[T]there is a imperialist undertone to the notion that the uprisings could not have occurred without these social media platforms. By placing US-centric, English language platforms at the center of reportage on Middle Eastern unrest, we colonize the revolutions and claim them as victories of our own. Look at these tools of freedom we have created, we say, pointing towards our own techno-social accomplishments and feeling heroic that we provided such a space. This not only elides the fact that a significant proportion of political organizing outside the Western world happens outside of the services that we are most familiar with, but also diminishes our understanding of the relationship between online communication, political action, and information sharing outside the confines of those platforms we’ve deemed to be "important."Exactly. While this is often done without malice, just offering us a way to understand foreign social movements in familiar terms, the result is to give us credit for something in which we played a very, very small role. (Given the larger role our country has played in supporting the targets of these revolutions, one can certainly understand our interest in feeling like we're on the side of the good guys.)
Sarah makes another interesting point with regards to gender:
We know that the feminist blogosphere runs a secondary parallel to the mainstream progressive blogosphere. Twitter — when not being used for celebrity gossip (an eminently female pursuit) — is the outlet for male dominated news outlets, mainstream or otherwise, to make their voices relevant. Facebook, though more personal and thus less likely to carry with it the gendering that comes with journalistic engagement, appears in the news as a gathering place for social movements gendered masculine by their leaders and tactics.She contrasts these sites with LiveJournal, which is dominated by women. While LiveJournal is generally not listed among the sites facilitating political activity, it plays an important role in doing precisely that outside the United States.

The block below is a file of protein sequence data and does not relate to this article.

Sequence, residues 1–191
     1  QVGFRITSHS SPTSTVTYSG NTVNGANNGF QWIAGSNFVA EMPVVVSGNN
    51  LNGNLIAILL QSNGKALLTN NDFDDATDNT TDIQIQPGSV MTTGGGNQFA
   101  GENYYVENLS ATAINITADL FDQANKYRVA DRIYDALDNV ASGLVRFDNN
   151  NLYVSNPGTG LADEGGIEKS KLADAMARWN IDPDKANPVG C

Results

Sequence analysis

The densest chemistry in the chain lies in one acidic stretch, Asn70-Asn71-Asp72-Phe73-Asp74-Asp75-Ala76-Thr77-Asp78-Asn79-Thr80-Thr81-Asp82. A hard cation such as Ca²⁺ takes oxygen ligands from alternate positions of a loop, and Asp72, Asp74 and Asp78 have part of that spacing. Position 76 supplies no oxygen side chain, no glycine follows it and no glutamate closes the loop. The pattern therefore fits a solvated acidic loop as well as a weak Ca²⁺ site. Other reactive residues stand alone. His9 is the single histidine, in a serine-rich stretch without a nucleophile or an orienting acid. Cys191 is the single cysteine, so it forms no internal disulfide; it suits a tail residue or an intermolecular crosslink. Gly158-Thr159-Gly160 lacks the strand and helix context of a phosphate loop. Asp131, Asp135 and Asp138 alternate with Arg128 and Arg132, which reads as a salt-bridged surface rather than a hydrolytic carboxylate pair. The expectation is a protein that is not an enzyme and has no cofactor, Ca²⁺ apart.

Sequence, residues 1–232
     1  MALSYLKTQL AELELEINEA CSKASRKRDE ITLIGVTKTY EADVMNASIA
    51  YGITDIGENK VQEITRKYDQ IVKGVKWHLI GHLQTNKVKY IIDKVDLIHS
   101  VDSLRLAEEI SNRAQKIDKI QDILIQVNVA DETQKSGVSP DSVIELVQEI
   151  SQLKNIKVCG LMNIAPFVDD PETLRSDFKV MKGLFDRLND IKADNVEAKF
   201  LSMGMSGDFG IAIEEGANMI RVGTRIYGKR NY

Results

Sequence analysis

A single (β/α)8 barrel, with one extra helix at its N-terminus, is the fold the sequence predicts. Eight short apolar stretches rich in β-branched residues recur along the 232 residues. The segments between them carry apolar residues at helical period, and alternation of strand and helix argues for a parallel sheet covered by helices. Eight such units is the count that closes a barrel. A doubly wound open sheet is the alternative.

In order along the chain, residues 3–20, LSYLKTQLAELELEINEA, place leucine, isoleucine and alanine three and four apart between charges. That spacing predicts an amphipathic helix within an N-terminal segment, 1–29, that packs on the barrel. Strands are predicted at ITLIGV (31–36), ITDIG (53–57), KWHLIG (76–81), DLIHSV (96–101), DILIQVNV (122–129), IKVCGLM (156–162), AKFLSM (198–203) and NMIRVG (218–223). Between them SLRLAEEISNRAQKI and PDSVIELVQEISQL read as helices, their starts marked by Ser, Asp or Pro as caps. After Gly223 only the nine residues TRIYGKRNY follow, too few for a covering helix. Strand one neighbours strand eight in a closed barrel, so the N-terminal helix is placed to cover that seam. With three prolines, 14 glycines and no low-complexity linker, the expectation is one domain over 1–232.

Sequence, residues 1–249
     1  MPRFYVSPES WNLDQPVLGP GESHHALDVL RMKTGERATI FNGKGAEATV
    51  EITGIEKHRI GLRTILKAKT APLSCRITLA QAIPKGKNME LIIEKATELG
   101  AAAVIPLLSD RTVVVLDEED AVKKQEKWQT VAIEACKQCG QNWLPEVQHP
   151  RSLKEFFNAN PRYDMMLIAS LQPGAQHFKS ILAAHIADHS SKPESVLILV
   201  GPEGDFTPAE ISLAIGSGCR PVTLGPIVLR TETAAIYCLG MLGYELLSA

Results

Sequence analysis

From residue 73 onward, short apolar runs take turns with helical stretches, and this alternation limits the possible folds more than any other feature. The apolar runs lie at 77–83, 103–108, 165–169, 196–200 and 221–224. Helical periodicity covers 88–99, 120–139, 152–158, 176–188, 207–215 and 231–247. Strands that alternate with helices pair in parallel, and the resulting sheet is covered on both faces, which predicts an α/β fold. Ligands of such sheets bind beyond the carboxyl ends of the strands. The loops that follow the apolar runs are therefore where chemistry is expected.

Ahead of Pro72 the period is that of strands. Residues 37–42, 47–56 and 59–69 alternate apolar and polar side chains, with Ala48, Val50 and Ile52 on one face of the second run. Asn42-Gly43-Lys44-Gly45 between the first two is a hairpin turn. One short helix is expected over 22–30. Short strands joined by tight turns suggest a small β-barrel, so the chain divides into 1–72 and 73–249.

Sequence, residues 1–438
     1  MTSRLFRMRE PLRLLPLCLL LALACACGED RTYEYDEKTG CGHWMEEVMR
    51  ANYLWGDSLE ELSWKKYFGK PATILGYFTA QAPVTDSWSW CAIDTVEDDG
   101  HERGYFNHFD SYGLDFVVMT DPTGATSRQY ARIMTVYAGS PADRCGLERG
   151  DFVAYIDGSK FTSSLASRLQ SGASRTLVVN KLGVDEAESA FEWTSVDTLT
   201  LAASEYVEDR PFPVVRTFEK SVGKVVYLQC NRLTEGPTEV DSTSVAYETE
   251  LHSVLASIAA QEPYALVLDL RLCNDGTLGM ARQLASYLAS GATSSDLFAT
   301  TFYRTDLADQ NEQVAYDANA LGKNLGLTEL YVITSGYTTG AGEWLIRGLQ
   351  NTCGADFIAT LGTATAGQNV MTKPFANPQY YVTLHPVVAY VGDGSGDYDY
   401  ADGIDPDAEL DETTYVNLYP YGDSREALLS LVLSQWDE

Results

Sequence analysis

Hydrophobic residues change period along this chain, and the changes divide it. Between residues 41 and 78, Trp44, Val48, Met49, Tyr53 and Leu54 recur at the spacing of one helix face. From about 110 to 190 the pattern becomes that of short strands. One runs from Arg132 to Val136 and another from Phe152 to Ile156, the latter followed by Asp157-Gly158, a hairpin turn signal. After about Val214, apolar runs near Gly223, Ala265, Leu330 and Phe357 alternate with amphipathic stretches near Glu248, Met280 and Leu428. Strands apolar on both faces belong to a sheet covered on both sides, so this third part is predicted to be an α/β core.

I was thinking a lot about this topic during an impromptu "summit" of political scientist bloggers and their journalist counterparts at APSA last summer. It was hard not to notice that our group was overwhelmingly white, male, and young (defined as "≤ my current age"), and at least 50% Jewish. To be sure, this was hardly an unbiased sample of such bloggers, and we're drawn from a somewhat skewed population to begin with.
Nonetheless, women make up a substantial percentage of younger political scientists. Either a lot of these women are doing some political blogging in one form or another and we male bloggers just aren't aware of it, or they're declining to blog. I'm not sure if there's something particularly gendered about blogging in general. (I think a lot of us were computer nerds in high school, and that tends to draw a largely male population, as well, but that doesn't really answer the question.) I'm open to ideas on this.
(h/t John McMahon)
Thanks for bringing her paper to our attention. I am writing you from Nalut, Libya, where they describe facebook, etc, as a communications tool similar to the telephone, or the opposition tv and radio station. In Tunis a few weeks back, I saw a cafe called the Facebook Cafe, decorated like a facebook page, and this is hard not to photograph and, if you are a journo, note. But at least here it rings true that the focus on digital media comes more from anglofone reporters being comfortable talking about that, and have access to it, where other equally or more important themes require deeper understanding.
Lot of useful points are there. Its really keeps me updated.
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